And finally we wanted to address division in American society, because it’s an ugly one, and that perceived division between Team Red and Team Blue is really the thing that is novel ands newest about American democracy right now: how polarized we are on a partisan level. And it’s always been apparent to me that it’s a false division—that people aren’t really on Team Red or Team Blue, but are much more heterogeneous than that. And if we’re willing to treat each other as complicated human beings, we’d be able to get a lot more done and be a lot more respectful of each other in the process.
What do you think is the biggest misconception about this election?
I think we put most of it in the show: that this election is completely ahistorical. Obviously, it is unique compared to other elections—even more so in the past few weeks since we taped the schedule I should add. We taped the special before Trump said he might not accept the results which is a pretty big deal. But I will say, we compare Trump to George Wallace. And after Trump said “the election might be rigged against me,” my researcher sent me a quote of George Wallace saying the same thing. It didn’t make it into the show because it was after the taping, but you can find a lot of these things.
Obviously they’re all in a new combination when it comes to Trump, but we’ve had a period of relative democratic stability for the past 50 years—basically since 1958, things have been a lot more sedate and a lot more stable, and a lot less heated. So certainly compared to the elections of the 80’s and 90’s this one is really crazy, but when you compare it to elections of the past, it begins to look a little bit more of a piece. And these are elections that America got through—where everything was heated and really ugly, but the republic went on.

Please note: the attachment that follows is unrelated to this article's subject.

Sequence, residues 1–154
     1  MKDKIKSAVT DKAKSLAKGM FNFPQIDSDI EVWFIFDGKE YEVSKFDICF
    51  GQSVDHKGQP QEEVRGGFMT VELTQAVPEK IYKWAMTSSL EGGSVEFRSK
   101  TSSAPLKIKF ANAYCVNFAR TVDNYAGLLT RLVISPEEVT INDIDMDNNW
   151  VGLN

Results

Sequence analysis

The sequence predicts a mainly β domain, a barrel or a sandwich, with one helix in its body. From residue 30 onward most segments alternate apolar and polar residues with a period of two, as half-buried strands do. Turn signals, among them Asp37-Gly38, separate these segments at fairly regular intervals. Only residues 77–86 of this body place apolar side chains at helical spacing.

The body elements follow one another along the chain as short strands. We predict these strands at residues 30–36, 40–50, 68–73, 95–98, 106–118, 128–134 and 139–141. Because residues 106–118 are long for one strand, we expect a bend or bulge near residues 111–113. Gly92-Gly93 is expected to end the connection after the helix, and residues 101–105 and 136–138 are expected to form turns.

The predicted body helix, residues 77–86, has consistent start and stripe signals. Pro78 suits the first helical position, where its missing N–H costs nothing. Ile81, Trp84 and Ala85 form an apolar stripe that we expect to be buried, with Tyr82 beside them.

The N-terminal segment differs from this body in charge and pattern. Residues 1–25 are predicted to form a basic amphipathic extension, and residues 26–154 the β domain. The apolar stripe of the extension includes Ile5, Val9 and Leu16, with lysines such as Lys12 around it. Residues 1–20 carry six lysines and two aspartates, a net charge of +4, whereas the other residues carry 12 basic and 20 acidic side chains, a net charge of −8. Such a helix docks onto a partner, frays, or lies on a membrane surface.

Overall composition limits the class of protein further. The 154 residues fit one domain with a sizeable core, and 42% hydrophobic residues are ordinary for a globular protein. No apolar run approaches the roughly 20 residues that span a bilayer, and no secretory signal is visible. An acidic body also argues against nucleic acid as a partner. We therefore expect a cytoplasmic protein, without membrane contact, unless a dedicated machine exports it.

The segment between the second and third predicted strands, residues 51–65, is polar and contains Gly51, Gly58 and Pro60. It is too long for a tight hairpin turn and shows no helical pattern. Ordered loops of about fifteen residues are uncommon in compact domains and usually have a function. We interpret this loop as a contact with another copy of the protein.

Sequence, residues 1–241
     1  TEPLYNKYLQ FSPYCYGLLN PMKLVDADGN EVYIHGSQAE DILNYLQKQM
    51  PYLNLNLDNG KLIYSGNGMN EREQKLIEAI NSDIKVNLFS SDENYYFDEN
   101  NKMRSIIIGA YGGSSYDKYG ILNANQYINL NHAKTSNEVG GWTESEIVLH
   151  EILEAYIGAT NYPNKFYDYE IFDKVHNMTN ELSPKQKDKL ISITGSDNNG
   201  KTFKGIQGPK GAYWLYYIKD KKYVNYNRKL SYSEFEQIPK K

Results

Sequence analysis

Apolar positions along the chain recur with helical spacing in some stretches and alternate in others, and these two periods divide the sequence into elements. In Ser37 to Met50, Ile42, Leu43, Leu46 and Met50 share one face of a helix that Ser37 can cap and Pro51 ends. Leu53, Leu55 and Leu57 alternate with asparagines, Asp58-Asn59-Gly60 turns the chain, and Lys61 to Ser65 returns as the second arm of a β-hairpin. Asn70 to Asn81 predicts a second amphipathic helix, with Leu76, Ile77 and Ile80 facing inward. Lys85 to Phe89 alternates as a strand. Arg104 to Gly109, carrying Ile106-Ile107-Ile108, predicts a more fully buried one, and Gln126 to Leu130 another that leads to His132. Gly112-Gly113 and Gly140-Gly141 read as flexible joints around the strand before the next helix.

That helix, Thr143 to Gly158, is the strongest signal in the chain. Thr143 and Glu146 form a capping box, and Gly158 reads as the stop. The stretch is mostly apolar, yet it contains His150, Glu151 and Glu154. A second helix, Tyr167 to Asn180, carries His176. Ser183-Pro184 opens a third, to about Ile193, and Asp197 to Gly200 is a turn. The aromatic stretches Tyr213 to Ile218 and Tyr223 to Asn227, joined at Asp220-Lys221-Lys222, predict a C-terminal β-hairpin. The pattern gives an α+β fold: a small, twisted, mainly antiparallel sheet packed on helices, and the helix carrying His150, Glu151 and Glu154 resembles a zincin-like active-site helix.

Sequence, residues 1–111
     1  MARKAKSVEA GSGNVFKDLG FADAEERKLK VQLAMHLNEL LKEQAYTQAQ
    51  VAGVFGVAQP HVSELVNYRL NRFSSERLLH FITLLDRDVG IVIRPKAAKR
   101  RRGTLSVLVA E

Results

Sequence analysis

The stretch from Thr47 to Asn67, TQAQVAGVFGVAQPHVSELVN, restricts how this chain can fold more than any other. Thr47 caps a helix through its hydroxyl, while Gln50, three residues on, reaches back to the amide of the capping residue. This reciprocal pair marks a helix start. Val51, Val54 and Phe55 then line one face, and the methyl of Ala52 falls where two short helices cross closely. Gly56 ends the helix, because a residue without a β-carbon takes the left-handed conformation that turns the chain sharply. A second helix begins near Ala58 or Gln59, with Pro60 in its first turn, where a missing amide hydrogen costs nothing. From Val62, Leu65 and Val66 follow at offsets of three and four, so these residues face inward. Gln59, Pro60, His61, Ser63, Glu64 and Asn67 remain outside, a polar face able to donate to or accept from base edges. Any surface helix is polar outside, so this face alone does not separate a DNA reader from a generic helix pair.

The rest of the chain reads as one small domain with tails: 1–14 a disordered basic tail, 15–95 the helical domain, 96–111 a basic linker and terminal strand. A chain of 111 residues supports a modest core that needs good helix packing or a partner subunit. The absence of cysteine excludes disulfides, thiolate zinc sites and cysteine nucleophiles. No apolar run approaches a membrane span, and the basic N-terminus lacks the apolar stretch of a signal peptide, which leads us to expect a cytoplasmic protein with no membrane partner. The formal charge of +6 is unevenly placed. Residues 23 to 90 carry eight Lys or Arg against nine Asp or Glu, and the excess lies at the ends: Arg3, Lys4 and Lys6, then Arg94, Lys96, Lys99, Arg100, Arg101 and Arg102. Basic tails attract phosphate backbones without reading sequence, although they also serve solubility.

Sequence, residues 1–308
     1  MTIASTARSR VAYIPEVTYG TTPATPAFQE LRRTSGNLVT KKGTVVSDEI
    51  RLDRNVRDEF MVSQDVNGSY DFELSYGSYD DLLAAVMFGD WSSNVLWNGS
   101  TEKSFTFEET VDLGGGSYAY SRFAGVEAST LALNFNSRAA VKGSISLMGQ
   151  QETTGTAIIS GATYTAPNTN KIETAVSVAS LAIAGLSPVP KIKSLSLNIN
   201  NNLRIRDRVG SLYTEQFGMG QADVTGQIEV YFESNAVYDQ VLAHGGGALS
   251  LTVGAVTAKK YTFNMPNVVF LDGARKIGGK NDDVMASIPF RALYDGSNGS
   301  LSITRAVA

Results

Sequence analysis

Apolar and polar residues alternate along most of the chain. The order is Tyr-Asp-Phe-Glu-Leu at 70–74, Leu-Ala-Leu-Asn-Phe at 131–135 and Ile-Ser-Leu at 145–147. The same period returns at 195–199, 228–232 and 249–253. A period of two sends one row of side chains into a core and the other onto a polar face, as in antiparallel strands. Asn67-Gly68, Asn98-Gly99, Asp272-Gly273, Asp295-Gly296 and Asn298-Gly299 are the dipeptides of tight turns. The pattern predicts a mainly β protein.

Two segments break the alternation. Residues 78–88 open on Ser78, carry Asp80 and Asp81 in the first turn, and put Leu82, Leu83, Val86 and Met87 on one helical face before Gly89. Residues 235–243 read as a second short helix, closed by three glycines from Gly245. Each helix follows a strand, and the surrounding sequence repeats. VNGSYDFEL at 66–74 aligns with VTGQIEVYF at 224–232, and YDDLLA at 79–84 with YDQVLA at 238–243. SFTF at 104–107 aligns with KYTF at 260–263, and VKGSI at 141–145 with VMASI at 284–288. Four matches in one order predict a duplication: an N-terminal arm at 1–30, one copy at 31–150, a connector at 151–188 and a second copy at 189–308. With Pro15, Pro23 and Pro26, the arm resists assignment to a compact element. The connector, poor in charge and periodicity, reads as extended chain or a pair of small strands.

We can hope.
I’m not going to say it’s a foregone conclusion that America will always survive—we’ve been very lucky thus far—but our main point is that we have such a short historical memory in this country and a lack of historical perspective, and our goal was to bring one to the audience.
What is something you wish every person could understand before the election?
I think it’s that point about Team Red and Team Blue not being real things. I think we have a new unwillingness to talk to people who disagree with us, or even listen to people who disagree with us, where we see an opposing view as a threat and an insult, and I think that’s very negative. The way that people speak about those of other political parties sort of verges on bigotry: Oh I could never be friends with a Republican, or something like that. The number of people who say they would be unhappy if their son or daughter married someone of the opposing political party has gone up in recent years—that to me is the definition of bigotry. I would like to encourage people to take the temperature down and to realize that a person who disagrees with you is just another person.
The ‘Adam Ruins Everything’ election special airs tonight 10/9c on TruTV